Nipper was a stray dog found by Mark Barraud (Francis Barraud’s brother) in 1884. He was called Nipper because he a habit of nipping at the back legs of any visitors. Nipper became Francis’ pet three years later when Mark died.  The iconic ‘His Master’s Voice’ painting was made some time before 1899, although in the original Nipper was listening to an Edison phonograph.

On May 31, 1899, Barraud went to the Maiden Lane offices of The Gramophone Company with the intention of borrowing a brass horn to replace the original black horn on the painting. Manager William Barry Owen suggested that if the artist replaced the machine with a Berliner disc gramophone the Company would buy the painting.  Since then Nipper has been the face of a huge global brand the ‘His Master’s Voice’ painting is one of the most recognised trademarks in the world.

Courtesy of  EMI Group Archive Trust

Courtesy of EMI Group Archive Trust

Recording Pioneers- Part 5

Francis Barraud 1856 – 1924

“The whole world saw it and succumbed to its charm”

-Alfred Clark comments on the painting

Name:                   Francis Barraud

Born:                    June 16, 1856

Resident:             Born in London

Occupation:         Artist, Painter, stray dog lover

Loves:                 Painting, animals

Francis James Barraud was born into a family of artists in London. He studied art at the Royal Academy School and in Antwerp. An accomplished technician, he was a frequent exhibitor at the Royal Academy and else where. One of his early works An encore Too Many is displayed in the Liverpool Walker Art Gallery, and the painting His Master’s Voice brought him world wide fame.

Francis Barraud, in his studio. ©  Courtesy of  EMI Group Archive Trust

Francis Barraud, in his studio.
© Courtesy of EMI Group Archive Trust

Barraud was never to recapture that success, however and by 1913 he was in financial straits. When he learned of this situation Alfred Clark commissioned Barraud to paint a copy of His Master’s Voice for the Victor Company. Thereafter, Barraud painted a total of 24 copies of his most famous work. In recognition of these services, the Gramophone and Victor Companies paid Barraud a pension. His Master’s Voice remains one of the world’s best-known trademarks.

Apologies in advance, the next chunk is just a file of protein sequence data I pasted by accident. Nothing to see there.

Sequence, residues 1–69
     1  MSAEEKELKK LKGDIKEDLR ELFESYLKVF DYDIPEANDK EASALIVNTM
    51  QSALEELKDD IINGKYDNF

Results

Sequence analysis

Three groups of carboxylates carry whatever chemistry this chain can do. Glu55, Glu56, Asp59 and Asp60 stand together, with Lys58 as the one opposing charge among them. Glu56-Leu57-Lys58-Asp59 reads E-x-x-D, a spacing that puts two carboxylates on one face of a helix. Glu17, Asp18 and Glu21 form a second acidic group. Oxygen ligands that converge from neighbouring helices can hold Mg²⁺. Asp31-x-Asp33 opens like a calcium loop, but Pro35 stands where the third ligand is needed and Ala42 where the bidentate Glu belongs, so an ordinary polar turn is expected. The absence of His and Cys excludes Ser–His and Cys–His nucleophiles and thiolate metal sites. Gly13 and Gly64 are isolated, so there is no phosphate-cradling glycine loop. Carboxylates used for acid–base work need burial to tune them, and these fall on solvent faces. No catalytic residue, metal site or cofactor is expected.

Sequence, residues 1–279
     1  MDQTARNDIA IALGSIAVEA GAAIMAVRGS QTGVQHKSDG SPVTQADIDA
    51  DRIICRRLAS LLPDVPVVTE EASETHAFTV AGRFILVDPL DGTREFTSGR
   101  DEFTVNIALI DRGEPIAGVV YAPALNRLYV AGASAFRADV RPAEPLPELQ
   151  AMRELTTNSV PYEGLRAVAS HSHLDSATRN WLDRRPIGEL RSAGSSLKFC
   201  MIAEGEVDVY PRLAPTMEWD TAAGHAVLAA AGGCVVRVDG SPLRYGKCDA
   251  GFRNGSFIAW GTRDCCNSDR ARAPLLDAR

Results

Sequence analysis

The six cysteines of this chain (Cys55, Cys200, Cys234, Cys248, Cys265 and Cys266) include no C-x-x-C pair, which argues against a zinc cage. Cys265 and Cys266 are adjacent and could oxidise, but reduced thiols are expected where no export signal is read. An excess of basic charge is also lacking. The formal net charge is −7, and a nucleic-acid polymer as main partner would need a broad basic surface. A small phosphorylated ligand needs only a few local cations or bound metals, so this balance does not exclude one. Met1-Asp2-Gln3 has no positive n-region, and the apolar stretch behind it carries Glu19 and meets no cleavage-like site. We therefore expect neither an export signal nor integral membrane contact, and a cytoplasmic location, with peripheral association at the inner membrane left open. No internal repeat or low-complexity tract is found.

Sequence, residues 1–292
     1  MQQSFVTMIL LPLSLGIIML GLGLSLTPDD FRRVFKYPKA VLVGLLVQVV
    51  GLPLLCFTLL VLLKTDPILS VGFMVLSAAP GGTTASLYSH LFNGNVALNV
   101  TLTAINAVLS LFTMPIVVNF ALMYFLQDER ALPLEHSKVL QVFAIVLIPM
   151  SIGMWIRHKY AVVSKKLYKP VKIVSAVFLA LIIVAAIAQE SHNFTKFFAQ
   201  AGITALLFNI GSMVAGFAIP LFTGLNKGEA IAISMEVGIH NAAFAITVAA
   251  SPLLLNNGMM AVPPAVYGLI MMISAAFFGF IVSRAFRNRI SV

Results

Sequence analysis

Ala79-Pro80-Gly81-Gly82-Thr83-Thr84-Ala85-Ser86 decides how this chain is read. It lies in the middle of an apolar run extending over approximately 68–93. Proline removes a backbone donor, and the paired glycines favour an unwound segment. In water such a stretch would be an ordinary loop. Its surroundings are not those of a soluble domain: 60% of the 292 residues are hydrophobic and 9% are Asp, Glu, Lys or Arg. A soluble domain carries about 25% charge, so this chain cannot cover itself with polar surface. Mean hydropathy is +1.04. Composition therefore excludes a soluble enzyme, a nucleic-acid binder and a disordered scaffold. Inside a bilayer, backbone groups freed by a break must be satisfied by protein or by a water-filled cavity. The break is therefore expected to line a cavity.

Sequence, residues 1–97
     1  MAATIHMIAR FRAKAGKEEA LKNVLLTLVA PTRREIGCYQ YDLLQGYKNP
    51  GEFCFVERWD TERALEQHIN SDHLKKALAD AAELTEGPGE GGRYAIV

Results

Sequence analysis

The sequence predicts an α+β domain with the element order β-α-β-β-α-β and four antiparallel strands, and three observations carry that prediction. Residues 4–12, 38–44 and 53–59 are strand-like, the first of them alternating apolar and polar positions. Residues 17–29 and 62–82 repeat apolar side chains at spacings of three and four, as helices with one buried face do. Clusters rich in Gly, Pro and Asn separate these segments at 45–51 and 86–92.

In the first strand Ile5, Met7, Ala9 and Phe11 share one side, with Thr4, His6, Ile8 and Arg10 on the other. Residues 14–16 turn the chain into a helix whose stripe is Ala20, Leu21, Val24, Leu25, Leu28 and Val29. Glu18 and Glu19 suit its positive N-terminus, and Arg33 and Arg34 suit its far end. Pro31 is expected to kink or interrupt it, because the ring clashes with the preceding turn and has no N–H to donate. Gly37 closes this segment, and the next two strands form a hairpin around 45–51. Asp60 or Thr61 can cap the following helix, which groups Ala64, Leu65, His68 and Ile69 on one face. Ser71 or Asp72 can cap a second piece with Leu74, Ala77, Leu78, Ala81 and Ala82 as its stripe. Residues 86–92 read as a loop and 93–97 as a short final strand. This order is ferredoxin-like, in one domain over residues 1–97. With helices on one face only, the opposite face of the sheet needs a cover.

A Royal Arrival

Crying-Baby-001

The EMI Archive Trust would like to join the whole world in saying CONGRATULATIONs to William and Kate, the Duke and Duchess of Cambridge, on the arrival of their beautiful baby Boy.

For many centuries the royal family has always been incredibly supportive of the arts and music. We are excited to watch this new baby grow and continue that tradition.

The Gramophone Company, His Masters Voice and EMI have always had very strong links with the royal establishment since its beginning at the start of the 20th century.

GABPCA71I2XD

The King to his people’s Part 1 and 2. Broadcast from Buckingham Palace by H.M King George VI on September 3rd 1939 recorded exclusively with His Masters Voice Records.

retrieve[8]

Empire Day Messages; To the Girls and boys of the empire from His majesty King George the fifth and her majesty Queen Mary. Recorded at Buckingham Palace exclusively with His Masters Voice Records.

Story Telling Pictures by Peter Kemp

The Hound heartily thanks Roel Kruize in bringing to our attention the artist Peter Kemp.

Peter’s Kemp’s award winning photography is best described as “Story Telling Pictures”. The image below is the second in a series of 4 photographs in the “His Masters Voice – HMV series” which pays homage to this great music label under the name “Musica”. Kemp is truly dedicated to his art – usually spending months preparing each photograph to ensure that his vision and creativity is fully realised. He has been praised for his dynamic concepts as well as his eye for capturing an entire narrative within each image.

Raffaella_neerkijkend-op-hond6-grootPhoto: Copyright Peter Kemp, Delft (NL) www.peterkemp.nl 

This photograph featuring the model Raffaela is a stunning portrayal of the early years in the Muisca/HMV Company. Notably it was a nominee in the “Framed Artist Award, 2013”. (The final winner was announced in Las Vegas, USA on March 12.)

The “His Masters Voice –  HMV series” came about when Peter Kemp’s cousin who is connected to Roel Kruize wife’s family heard that Kruize was the proud owner of a very special gramophone, a replica of Nipper and above all a copy of the famous painting. (One of only three in existence in Holland.) Kemp approached Kruize to borrow the art pieces for a long weekend. Despite being unfamiliar with Kemps work Roel was excited by the idea. Needless to say when Kruize received a copy of the photographs he was over the moon. The objects featured in the “HMV storytelling pictures series” belong to  Kruize  and therefore due credit goes to him for making this series possible. Roel Kruize devoted his life and career to the success of EMI and HMV . He worked for no other company. Was the senior manager of the Dutch EMI Company for many years and had positions in EMI International in A&R and Marketing worldwide (excluding USA.)  He has a profound love for EMI Classics and its phenomenal heritage

HIDDEN NIPPER IN NEW HMV SITE

Our regular commentator David Hughes tipped us off on this one:

Ah, hidden messages in HTML code, the hidden tracks of the internet. Various tweeters who, for some reason, can’t visit a website without checking in on the source code while they’re there, have spotted a cute little hidden addition to the code of the revamped HMV website, that went online as the flagging entertainment retailer emerged from administration last week. If Nipper can live on in the HMTL world, maybe HMV can survive in the digital era? Maybe.